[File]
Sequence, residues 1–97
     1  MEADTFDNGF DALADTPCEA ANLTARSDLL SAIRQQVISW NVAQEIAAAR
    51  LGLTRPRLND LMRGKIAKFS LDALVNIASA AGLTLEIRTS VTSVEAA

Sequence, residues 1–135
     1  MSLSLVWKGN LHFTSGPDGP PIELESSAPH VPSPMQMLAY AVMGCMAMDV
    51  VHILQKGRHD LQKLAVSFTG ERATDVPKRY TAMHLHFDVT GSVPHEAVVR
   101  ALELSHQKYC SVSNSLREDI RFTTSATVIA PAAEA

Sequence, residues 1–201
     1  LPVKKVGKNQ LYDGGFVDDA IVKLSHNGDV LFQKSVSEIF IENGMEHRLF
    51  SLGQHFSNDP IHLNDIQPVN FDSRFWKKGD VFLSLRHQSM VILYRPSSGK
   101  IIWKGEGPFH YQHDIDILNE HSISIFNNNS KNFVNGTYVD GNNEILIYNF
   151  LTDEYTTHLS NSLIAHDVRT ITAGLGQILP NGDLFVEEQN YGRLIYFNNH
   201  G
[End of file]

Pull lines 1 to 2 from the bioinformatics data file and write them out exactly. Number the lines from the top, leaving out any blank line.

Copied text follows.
Sequence, residues 1–97
     1  MEADTFDNGF DALADTPCEA ANLTARSDLL SAIRQQVISW NVAQEIAAAR